The analysis by researchers from Spain and Peru reveals that high altitude confers significant protection from coronavirus disease (COVID-19) infection and death – independent of the distance from the pandemic epicenter, population density, or poverty levels. The study is currently available on the medRxiv* preprint server.
More than 700 thousand people around the world have already lost their lives as a result of the COVID-19 pandemic caused by the severe acute respiratory syndrome coronavirus 2 (SARS-CoV-2). It is evident that some countries have been hit harder by the disease than others.
Although initially spared, COVID-19 cases have recently been rising sharply in Latin American countries. Nonetheless, due to underreporting issues and the relative scarcity of detailed data, only a handful of studies have investigated the dynamics and specific characteristics of the pandemic in South America.
But despite such information shortcomings in the early stages, accumulating data now makes it possible to conduct much more detailed epidemiological analyses, which are necessary to inform policies intended to protect the populations at the higher risk of contracting the disease.
In this new study, researchers from the National Science Council (Barcelona), Instituto Nacional de la Salud Carlos III (Madrid) and Institute for Biocomputation and Physics of Complex Systems (Zaragoza) in Spain, as well as from the Universidad Peruana Cayetano Heredia (Lima) in Peru, have taken an ecological approach to describe the current state and dynamics of the pandemic in Peru.
District-level map of case and death rates in Peru, normalized for population density. Cumulative COVID-19 case and death rates per population density [cases or deaths/(persons/Km2)] on each of the indicated cut-off dates are mapped at the district level. Heatmaps and their equivalencies are specific for each date. The numbers indicate the upper limits of value range. Blue circles are indicators of the Lima metropolitan region.
Detailed temporal and spatial analyses
Although prior studies have already hinted that altitude may be a protective factor from COVID-19, this retrospective analysis is the first to utilize an extensive longitudinal national database covering all COVID-19 cases and deaths registered in Peru until July 17, 2020.
In order to correct for population density, which has a tendency to be substantially higher on the coastal lowlands, the researchers have normalized case/death counts by population density and per million inhabitants in all districts.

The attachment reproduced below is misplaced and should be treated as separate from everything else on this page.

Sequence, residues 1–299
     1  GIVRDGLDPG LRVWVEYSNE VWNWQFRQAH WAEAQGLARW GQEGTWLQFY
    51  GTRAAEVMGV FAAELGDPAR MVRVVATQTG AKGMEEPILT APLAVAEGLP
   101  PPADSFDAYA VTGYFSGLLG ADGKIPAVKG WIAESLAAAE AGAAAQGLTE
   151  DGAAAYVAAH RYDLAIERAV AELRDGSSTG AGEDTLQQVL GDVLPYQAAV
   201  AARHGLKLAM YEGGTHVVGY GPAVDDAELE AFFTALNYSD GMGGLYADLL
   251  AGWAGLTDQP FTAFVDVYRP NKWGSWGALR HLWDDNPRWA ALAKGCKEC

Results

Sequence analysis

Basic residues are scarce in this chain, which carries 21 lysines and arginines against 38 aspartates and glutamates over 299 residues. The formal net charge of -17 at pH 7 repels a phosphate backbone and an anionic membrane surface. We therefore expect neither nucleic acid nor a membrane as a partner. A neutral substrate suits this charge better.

Moreover, they have taken into account the prevalence of non-transmissible diseases (described by prior surveys) as a proxy for potential co-morbidities associated with the incidence of infections and fatal outcomes.
High altitude as a protective factor
"Our most relevant finding is a significant association between life in high altitude and a lower risk of COVID-19 contagion and death from the disease", study authors state in their medRxiv* paper.
The study also provides evidence that the recent surge of cases in high-altitude districts in Peru may be explained by the inrush of migrants from large urban centers to high-altitude districts via a specific route – overriding, in turn, the shielding effect possibly conferred by high altitude to the inhabitants of those particular districts.
The findings further reveal that the normalized death rate from COVID-19 is significantly correlated with the prevalence of high blood pressure and cholesterol levels, as well as low altitude. However, COVID-19 death rates are not significantly correlated with population density, despite an observed trend.
Finally, the protection by altitude was found to be independent of poverty indexes, which means altitude confers protection from COVID-19 incidence and death that is not counterbalanced even by high poverty levels.
Multisystemic adaptations to hypobaric hypoxia
"We favor the view that long-term high altitude habitation/exposure protects from severe respiratory viral diseases, including COVID-19, through multiple mechanisms prevalent in residents or genetically selected populations adapted to chronic hypobaric hypoxia", study authors put their findings into context.
Such mechanisms include anatomical, physiological, and immune adaptations. Furthermore, it has been argued that environmental factors (high ultraviolet radiation, low temperatures, or low humidity) could contribute to a diminished transmission of SARS-CoV-2 at high altitude.
Still, translating this knowledge to develop effective treatments against COVID-19 will be challenging, as protective effects may necessitate long-term, multisystemic adaptations. At the same time, there may also be manifold downstream consequences of manipulating various components of the hypoxia response.
And caution is still needed, as adaptations to high altitude may indeed confer a degree of protection from SARS-CoV-2 and COVID-19, but not immunity per se; hence, all appropriate protective steps have to be followed diligently.
medRxiv publishes preliminary scientific reports that are not peer-reviewed and, therefore, should not be regarded as conclusive, guide clinical practice/health-related behavior, or treated as established information.